Argentina’s Judiciary of Córdoba Hit by PLAY Ransomware Attack
Argentina’s Judiciary of Córdoba has shut down its IT systems after suffering a ransomware attack, reportedly at the hands of the new ‘Play’ ransomware operation.
The attack occurred Saturday, August 13th, causing the Judiciary to shut down IT systems and their online portal. The outage is also forcing the use of pen and paper for submitting official documents.
In a ‘Cyberattack Contingency Plan‘ shared by Cadena 3, the Judiciary confirmed that it was hit by ransomware and engaged with Microsoft, Cisco, Trend Micro, and local specialists to investigate the attack.
“The cyberattack suffered by the technological infrastructure of the Court of Córdoba on Saturday, August 13th, 2022, for a ransomware that has compromised the availability of its IT services,” reads a Google translation section of the plan.
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Clarín reports that sources said the attack affected the Judiciary’s IT systems and its databases, making it the “worst attack on public institutions in history.”
Attack linked to Play ransomware
While the Judiciary has not disclosed details of the attack, journalist Luis Ernest Zegarra tweeted that they were hit by ransomware that appends the “.Play” extension to encrypted files.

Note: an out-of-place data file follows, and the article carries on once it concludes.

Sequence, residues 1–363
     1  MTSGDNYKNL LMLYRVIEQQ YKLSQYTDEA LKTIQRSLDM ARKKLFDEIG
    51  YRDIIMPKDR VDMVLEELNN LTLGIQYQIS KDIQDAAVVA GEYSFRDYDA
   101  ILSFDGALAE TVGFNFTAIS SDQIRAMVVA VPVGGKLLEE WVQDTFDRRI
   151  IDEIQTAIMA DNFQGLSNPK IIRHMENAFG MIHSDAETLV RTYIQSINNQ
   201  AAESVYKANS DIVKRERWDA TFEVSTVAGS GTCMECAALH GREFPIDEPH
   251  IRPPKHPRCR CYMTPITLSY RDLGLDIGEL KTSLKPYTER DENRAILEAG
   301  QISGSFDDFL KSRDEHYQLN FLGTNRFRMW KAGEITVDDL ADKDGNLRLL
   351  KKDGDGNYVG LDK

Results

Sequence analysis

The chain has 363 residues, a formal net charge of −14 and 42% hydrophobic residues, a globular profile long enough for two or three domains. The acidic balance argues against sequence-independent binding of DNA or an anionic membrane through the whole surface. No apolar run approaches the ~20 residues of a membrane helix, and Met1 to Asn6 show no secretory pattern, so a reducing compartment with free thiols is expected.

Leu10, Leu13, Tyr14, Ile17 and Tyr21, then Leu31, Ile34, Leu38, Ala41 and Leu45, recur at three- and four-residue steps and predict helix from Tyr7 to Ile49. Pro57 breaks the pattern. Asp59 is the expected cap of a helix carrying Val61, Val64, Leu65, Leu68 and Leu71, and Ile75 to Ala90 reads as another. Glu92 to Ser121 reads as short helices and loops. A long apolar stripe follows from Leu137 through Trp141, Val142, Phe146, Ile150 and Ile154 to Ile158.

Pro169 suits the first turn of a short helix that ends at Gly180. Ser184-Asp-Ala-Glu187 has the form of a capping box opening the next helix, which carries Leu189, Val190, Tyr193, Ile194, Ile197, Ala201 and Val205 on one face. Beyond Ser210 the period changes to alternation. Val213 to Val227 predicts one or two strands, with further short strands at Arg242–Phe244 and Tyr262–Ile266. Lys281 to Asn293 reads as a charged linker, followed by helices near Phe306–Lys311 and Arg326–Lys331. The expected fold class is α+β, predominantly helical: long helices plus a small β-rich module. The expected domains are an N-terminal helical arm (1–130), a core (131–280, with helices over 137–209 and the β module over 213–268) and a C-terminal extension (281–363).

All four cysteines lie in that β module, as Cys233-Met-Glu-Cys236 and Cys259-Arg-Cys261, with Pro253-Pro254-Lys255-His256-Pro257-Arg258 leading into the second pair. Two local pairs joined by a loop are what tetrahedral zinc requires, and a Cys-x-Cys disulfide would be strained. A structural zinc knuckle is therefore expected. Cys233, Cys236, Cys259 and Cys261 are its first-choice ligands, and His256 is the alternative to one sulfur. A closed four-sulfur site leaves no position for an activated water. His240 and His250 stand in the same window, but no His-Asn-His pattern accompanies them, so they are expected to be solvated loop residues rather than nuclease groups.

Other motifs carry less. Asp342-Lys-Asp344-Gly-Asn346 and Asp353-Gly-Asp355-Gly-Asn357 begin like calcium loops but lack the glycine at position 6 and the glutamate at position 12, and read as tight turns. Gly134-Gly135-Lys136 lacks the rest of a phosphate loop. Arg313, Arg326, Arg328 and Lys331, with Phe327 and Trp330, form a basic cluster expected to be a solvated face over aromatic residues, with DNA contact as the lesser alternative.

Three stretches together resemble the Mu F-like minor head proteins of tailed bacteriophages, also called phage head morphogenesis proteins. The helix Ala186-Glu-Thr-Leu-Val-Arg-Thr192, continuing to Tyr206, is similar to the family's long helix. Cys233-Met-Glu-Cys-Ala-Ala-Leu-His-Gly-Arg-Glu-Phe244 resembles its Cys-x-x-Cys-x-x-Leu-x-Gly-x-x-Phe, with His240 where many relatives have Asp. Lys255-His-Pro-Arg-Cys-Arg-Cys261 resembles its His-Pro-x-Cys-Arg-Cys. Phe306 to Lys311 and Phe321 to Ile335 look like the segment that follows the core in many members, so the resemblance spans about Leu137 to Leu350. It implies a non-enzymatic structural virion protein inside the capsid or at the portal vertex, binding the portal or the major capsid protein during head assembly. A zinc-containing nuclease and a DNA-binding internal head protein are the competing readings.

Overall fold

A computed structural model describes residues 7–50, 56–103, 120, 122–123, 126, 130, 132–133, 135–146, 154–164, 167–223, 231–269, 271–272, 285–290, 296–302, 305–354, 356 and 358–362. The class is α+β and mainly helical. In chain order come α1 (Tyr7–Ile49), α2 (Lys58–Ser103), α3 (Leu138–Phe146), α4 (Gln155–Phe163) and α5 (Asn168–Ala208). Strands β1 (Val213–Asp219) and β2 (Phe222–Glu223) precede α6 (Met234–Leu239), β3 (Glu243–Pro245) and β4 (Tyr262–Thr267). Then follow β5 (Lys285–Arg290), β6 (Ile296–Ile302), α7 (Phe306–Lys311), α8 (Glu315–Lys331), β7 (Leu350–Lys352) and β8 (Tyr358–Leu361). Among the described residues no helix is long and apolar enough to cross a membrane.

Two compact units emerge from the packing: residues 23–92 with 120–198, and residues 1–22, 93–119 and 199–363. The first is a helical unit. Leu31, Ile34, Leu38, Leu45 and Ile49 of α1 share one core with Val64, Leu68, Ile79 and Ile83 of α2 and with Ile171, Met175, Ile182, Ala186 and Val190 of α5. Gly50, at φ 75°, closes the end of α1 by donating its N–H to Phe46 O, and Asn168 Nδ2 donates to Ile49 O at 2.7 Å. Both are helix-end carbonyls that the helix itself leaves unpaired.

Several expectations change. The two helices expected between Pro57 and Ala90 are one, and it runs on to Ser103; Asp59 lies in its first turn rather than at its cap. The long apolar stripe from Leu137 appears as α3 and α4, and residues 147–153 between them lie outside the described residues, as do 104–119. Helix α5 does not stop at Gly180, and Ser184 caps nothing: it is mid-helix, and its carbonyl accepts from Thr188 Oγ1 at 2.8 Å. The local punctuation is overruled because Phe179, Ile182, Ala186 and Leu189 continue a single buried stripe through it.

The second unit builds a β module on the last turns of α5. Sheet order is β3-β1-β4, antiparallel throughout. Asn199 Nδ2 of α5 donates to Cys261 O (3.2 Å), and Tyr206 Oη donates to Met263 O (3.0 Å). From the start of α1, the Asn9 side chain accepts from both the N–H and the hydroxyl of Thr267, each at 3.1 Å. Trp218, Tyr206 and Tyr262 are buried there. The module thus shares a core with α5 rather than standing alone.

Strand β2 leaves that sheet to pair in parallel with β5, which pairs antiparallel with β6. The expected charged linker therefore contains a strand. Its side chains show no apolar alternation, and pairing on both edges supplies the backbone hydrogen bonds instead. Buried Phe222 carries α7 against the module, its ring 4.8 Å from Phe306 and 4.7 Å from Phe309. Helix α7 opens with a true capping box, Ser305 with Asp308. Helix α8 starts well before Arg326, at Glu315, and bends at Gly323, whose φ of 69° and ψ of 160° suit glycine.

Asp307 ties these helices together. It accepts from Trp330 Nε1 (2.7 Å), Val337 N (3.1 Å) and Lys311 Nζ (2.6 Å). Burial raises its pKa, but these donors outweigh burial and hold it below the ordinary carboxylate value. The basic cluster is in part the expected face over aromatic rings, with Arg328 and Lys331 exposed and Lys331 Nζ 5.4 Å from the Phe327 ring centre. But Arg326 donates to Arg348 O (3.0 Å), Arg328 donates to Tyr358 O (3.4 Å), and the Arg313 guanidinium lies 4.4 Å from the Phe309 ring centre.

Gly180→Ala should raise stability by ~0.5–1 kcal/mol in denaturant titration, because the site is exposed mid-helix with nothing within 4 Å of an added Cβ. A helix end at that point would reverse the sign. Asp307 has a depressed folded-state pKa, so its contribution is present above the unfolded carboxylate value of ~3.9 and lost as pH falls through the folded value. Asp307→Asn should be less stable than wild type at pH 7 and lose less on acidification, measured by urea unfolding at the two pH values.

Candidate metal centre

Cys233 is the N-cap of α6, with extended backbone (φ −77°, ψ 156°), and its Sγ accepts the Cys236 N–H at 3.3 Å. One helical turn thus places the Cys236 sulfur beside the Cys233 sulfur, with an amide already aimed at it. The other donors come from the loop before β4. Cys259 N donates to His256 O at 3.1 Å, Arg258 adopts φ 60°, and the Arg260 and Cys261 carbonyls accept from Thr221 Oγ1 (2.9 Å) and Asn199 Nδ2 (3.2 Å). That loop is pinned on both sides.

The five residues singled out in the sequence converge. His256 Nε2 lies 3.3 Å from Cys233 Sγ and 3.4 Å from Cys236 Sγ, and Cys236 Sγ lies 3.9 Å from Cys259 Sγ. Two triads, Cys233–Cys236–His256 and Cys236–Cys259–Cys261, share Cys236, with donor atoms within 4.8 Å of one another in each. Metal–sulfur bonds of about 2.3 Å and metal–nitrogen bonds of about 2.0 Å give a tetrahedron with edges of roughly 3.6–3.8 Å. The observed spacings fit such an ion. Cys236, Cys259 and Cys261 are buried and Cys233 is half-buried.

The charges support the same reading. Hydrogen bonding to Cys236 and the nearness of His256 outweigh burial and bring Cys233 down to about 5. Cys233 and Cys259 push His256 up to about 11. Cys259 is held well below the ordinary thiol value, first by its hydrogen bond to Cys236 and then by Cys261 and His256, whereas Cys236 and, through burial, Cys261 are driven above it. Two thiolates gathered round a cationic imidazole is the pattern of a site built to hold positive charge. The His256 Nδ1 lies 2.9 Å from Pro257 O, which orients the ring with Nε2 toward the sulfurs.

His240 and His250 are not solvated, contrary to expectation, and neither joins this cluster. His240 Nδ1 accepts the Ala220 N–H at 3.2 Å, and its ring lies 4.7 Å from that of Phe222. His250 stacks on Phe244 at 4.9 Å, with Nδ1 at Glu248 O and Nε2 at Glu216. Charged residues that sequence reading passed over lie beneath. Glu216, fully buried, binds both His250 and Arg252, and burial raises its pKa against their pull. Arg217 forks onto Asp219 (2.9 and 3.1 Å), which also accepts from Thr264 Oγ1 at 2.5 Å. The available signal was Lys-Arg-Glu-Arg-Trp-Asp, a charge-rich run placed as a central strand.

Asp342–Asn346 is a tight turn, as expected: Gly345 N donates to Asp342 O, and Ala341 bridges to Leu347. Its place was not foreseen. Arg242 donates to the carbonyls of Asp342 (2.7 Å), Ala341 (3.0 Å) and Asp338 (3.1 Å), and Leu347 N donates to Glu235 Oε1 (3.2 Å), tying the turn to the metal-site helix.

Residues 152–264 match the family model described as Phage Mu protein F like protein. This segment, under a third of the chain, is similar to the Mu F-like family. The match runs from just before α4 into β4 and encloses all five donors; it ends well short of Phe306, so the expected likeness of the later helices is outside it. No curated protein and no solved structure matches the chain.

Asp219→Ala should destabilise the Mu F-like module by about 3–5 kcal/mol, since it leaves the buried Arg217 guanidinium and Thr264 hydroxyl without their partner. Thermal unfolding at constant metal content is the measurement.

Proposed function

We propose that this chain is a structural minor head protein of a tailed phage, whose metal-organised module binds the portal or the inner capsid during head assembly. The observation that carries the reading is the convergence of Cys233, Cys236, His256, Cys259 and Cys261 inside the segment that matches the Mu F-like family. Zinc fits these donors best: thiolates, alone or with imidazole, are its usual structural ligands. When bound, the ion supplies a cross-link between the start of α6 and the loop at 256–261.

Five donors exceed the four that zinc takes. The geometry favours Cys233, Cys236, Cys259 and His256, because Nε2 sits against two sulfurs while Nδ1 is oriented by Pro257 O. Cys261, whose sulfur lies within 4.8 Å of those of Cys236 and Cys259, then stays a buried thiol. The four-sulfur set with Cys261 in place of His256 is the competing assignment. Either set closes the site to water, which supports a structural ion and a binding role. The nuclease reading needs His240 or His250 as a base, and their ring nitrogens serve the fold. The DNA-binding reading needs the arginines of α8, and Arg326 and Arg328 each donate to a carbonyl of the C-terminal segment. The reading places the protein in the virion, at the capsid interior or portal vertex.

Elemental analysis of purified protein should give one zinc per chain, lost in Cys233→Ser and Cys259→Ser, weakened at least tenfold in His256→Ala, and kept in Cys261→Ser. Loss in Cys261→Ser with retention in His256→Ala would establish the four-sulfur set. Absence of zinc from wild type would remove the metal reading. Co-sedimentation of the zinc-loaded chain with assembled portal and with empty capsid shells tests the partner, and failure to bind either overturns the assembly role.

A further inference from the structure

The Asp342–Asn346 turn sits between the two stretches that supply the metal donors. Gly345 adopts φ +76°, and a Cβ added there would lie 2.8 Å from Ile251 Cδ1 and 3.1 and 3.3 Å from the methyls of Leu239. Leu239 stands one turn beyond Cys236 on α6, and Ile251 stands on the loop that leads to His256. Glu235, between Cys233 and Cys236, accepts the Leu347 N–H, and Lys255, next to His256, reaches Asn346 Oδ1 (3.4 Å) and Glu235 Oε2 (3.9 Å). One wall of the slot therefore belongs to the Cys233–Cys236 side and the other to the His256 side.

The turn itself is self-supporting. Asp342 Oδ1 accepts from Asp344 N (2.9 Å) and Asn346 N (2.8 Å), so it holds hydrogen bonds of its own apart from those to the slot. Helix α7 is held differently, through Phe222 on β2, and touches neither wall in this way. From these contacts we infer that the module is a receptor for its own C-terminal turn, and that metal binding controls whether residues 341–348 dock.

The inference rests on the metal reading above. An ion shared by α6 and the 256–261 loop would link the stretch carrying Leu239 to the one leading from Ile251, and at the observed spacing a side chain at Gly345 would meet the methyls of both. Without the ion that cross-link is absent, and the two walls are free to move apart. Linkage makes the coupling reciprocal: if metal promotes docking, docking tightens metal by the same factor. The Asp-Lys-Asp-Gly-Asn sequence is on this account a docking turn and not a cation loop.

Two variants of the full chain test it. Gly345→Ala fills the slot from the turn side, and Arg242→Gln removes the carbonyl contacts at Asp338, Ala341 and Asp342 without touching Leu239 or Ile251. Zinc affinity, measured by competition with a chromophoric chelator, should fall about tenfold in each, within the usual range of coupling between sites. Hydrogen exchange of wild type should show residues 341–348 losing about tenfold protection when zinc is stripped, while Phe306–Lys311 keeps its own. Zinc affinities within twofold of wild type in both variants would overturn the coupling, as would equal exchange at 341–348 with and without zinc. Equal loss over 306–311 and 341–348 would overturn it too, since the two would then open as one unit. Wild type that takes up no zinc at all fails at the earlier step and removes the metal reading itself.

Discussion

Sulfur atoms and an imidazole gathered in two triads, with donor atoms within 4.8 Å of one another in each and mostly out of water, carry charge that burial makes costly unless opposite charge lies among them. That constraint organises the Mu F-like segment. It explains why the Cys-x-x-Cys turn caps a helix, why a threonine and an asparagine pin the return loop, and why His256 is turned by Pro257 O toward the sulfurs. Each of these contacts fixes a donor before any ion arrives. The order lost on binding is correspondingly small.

This extension is associated with the new ‘Play’ ransomware operation that launched in June 2022, when victims began describing their attacks in the BleepingComputer forums.
Like all ransomware operations, the threat actors will compromise a network and encrypt devices. When encrypting files, the ransomware will append the .PLAY extension as shown below.
However, unlike most ransomware operations that leave lengthy ransom notes to issue dire threats to their victims, the Play ransom notes are unusually simple.
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Instead of ransom notes being created in every folder, Play’s ReadMe.txt ransom note is only made at the root of a hard drive (C:\) and simply contains the word ‘PLAY’ and a contact email address.
In a conversation with security researcher Mauro Eldritch, BleepingComputer was told of different emails used in attacks, so the email address above may not be associated with the attack on the Judiciary of Córdoba.
It is unknown how Play breached the Judiciary’s network, but a list of employee email addresses was leaked as part of the Lapsus$ breach of Globant in March, which may have allowed threat actors to conduct a phishing attack to steal credentials.
There is no data leak associated with the ransomware gang or any indication that data is stolen during attacks.
This is not the first time a government agency in Argentina suffered a ransomware attack. In September 2020, the Netwalker ransomware gang attacked the Dirección Nacional de Migraciones and demanded a $4 million ransom.